What you need to do is treat it as a rendezvous. Set Minmus as your target. When Minmus is directly prograde of you, burn prograde until your Ap is about 40Mm. Go into target mode on your navball. After you get to 20mM, every so often, burn to pull your prograde marker on top of the target marker. Keep it there, and you will hit Minmus.

Edited by bewing

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Ah yes - to be clear, we're not flying by eye all all: it's all in the maths. The pilot is ham in a can who points the s/c where we in mission control tells him to

"Docking" with Minimus is indeed a possibility, but we'll not have target relative velocity information until we're in the SoI. It's also a pretty fuel- and time-inefficient. Minmus SoI is quite a small target so we may find that no matter how good our TmI burn is, we may struggle to hit it. In this case, we'll need to do corrections and the only way we (currently) have for that is the way you describe.

Out of interest, ElWanderer, why that extra half degree in your heading targets?

For launch, we've managed to get <1 degree heading error by simply reading out heading corrections to the pilot while launching. Seems to work fairly well! It's just that timing we're having trouble with. I guess we could go map mode just for launch, but we're hoping to get a specific time if we can. The longitude we're getting is surface longitude. I think what we need to construct is a local time -> orbital longitude conversion.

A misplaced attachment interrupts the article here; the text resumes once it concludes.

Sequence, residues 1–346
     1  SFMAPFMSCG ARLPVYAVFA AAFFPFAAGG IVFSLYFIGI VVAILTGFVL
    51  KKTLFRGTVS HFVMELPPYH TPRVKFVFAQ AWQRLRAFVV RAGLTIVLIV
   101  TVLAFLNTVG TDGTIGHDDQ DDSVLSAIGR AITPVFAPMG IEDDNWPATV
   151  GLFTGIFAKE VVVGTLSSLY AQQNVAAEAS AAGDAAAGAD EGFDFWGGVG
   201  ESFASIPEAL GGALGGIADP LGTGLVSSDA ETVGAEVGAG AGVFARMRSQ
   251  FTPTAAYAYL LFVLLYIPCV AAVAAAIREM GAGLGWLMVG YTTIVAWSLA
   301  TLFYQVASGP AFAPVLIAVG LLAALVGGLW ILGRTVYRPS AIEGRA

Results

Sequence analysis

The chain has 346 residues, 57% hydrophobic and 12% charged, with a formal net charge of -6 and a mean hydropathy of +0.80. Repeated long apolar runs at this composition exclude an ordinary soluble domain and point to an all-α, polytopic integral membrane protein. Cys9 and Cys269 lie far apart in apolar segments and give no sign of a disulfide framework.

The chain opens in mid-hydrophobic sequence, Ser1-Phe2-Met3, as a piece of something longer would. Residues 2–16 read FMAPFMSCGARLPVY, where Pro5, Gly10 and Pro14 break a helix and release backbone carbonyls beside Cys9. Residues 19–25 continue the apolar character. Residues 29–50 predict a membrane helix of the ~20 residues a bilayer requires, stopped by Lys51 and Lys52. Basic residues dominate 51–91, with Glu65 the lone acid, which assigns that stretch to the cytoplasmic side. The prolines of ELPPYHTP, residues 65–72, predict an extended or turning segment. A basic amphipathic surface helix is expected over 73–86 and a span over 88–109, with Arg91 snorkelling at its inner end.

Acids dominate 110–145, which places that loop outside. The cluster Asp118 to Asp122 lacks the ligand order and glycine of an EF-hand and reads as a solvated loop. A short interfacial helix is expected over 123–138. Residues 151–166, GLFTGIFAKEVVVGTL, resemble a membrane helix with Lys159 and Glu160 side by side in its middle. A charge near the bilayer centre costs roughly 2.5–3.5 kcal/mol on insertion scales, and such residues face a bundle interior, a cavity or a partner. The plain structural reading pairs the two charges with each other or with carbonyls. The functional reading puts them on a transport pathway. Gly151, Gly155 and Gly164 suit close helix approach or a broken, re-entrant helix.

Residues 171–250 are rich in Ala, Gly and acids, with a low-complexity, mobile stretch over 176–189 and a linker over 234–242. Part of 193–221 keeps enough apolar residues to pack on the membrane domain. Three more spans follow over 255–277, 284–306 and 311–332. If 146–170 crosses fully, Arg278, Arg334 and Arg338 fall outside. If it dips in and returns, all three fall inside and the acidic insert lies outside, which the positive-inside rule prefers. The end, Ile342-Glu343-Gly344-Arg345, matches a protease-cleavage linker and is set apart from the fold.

Fortunately, I just found this by user Dib, which does just that I'll have to give it a whirl but it seems sensible to me.

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6 minutes ago, Alexandicity said:

but we'll not have target relative velocity information until we're in the SoI.

Yes you do, starting in ver 1.2.0. Try it.

But yes, flying by eye is certainly inefficient with fuel.

Edited by bewing

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Launch azimuth/heading is different to the azimuth/heading of the target orbit overhead (for Minmus, the orbit azimuth would be 84°/96° at the equator) because you already have some Eastwards orbital velocity due to the rotation of the planet. http://www.orbiterwiki.org/wiki/Launch_Azimuth

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ElWanderer: aah, thanks for the clarification. We fly with the navball set from the start to orbital, so hopefully we don't need to correct for this and can go direct to 6deg...

27 minutes ago, bewing said:

Yes you do, starting in ver 1.2.0. Try it.

But yes, flying by eye is certainly inefficient with fuel.

We're trying to be uber-strict with the information we allow ourselves. One could argue that target velocity/distance calculations could easily be done by some nameless computer in mission control (as, presumably would things like Pe/Ap/alt etc), so I guess I wouldn't be unhappy to have this information - but then there's a practical issue of not being able to actually to select a target  I guess we could install RPM and do it through that, or via the console somehow...